[Editor’s Note: The below interview and analysis includes spoilers for “Room 104,” Episode 1, “Ralphie.”]
“Room 104” welcomed guests with an absolutely wild first episode, setting a high bar for the season to come (but one they do meet).
In “Ralphie,” a single father (Ross Partridge) leaves his adolescent son, Ralph (Ethan Kent), with a babysitter, Meg (Melonie Diaz), while he goes out on a date. The job seems simple enough: Feed the kid, get him in bed at a reasonable hour, and expect the dad to return relatively early. Granted, Meg wasn’t explicitly instructed not to strangle Ralph to death, but she also wasn’t warned of an evil, identical twin brother named Ralphie who terrorizes them both.
…if that’s what happened. Thanks to a few well-placed clues as to Meg’s mental state, including a lack of references, as well as the creepy vibes of the room itself, it’s plausible she might have imagined the whole thing. Ralph could have been a cute kid with a few inappropriate questions about sex, and she’s the maniacal babysitter who dreamt up a reason to attack him.
Or, if you take the events at face value, there’s something magical about Ralph. He’s been plaguing his parents, and Meg was just his latest victim: What really happened to his mom, and why was his dad so sad when Meg arrived? Were Ralphie and Ralph both real, and did they both overwhelm their parents until the father snapped? Maybe he left them with a babysitter in the hopes she’d do what he, as their parent, could not.
These are the questions invited from the audience, and either answer they arrive upon carries its own exciting backstory. And either way, it’s a hell of a debut for “Room 104.”
Written by co-creator Mark Duplass, “Ralphie” was directed by Sarah Adina Smith, whose previous work includes the indie films “The Midnight Swim” and “Buster’s Mal Heart.” Though she’s (wisely) not telling what she believes the ending to be, Smith did have an idea in mind while shooting.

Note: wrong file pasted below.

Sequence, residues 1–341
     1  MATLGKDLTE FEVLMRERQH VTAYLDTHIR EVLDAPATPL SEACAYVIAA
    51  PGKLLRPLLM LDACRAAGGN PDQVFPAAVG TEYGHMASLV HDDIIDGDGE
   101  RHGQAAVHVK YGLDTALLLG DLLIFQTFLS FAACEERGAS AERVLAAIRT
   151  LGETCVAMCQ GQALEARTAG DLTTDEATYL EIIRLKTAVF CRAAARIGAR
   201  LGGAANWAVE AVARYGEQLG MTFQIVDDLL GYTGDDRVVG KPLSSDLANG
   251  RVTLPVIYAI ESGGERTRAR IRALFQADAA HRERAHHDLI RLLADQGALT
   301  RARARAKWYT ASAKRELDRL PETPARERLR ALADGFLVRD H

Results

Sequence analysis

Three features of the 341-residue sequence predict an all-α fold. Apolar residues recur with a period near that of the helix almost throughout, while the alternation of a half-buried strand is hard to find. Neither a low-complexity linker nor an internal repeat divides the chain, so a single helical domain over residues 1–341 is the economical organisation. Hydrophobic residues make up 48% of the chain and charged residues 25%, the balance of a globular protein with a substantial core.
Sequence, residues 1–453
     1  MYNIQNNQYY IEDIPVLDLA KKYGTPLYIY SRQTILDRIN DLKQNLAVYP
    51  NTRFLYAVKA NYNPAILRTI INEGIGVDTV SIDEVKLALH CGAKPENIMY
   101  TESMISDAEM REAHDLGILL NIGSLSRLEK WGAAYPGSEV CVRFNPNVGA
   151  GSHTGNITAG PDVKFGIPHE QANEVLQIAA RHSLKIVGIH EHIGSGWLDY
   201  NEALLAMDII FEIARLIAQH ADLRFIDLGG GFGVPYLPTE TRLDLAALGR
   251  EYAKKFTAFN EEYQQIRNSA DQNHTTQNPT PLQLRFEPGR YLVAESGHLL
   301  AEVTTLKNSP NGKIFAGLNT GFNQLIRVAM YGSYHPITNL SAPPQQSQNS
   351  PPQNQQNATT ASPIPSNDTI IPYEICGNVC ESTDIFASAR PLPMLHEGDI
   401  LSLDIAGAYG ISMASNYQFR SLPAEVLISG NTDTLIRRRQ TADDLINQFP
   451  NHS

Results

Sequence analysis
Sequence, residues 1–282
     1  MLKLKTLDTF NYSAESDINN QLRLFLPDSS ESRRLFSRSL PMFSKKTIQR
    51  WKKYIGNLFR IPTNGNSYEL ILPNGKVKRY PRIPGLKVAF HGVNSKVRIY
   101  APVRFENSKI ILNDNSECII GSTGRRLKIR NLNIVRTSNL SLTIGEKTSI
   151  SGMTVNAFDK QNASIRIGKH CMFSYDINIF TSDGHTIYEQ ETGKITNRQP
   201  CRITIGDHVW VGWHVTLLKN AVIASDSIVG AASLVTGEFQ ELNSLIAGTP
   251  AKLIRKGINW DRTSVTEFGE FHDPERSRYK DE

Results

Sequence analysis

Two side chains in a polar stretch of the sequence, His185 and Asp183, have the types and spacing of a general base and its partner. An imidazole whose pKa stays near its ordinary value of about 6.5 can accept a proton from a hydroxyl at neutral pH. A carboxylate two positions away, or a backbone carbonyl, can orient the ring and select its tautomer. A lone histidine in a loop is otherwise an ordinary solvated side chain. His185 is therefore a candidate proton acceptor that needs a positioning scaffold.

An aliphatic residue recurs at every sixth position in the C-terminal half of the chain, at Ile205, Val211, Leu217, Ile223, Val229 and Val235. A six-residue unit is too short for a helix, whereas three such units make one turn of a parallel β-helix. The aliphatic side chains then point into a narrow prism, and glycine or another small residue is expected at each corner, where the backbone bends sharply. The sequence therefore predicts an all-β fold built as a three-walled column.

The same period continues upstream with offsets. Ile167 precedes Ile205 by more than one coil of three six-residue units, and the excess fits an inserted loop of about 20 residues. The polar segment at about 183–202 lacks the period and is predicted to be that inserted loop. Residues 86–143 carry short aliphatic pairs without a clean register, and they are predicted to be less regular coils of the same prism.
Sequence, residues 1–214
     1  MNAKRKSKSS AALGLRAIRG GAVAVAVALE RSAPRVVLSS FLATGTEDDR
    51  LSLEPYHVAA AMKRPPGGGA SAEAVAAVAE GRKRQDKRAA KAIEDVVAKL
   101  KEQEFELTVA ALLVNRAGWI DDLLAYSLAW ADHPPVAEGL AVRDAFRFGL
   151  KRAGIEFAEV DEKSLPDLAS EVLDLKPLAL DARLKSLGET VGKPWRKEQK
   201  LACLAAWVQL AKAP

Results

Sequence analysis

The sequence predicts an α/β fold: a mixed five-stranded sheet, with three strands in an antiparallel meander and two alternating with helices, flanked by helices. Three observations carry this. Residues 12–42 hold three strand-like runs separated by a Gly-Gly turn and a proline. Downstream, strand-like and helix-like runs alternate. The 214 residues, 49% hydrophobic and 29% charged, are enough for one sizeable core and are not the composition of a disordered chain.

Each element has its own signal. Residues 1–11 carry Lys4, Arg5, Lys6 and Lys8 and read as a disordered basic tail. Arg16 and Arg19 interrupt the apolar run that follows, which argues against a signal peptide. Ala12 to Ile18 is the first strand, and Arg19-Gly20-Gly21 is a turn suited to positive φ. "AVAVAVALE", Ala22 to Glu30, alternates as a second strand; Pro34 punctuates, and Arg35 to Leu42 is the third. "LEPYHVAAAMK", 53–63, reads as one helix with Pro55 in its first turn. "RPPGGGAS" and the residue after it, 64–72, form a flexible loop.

“I think it’s pretty important as a filmmaker to make a decision in terms of what you think the ‘correct’ narrative will be,” Smith said in a recent interview with IndieWire. “I tend to work backwards when storytelling, so unless I know what’s going on in the end, it’s hard for me to make clear choices leading up to that end. It’s important for me to have a grounded idea of what I think is going on.”
With that in mind, Smith saw great value in the ambiguous ending. (Coincidentally, she’s currently watching “The Leftovers,” a series well-versed in providing closure without telling its audience what to think.)
“But to the same token, just because I have my idea of what’s going on, it doesn’t mean that’s actually right or correct. […] I think it’s important, to whatever extent you can, to try and protect that so other people have their opportunity to have their interpretation,” she said.
Smith didn’t choose the episode so much as it was pitched to her, but she said her brother terrorized her when they were kids by chasing her around in a cape — much like Ralphie does to Meg. It happened so often that Smith’s sister would hold wrestling matches for her two warring siblings.
Smith was a big fan of the episode as written, calling it “one of the rare chances I’ve gotten to read a perfect script,” and the key to portraying it visually was in the unseen.
“The bathroom was everything in that episode,” Smith said. “When I’m directing, I ask, ‘What’s the gravity?’ What’s the thing that everything else is in response to in this story? And to me, it was the bathroom door. What is going on inside that bathroom?”
Additionally, Smith was excited that this was the first episode anyone would see of “Room 104.” The anthology series offers new stories every week — Smith also directed Episode 3, “The Knockadoo,” starring Orlando Jones — and she felt this was the perfect way to introduce the many different directions each new episode could take.
“I liked allowing for the possibility that maybe there’s more to this room than we realize,” she said. “I think that’s a fun way to open this series where the room is a character. We’re being given a window into all these different stories and all these different lives, and I like the idea that the room itself can affect these stories.”
“Room 104” airs new episodes at 11:30 p.m. ET on HBO.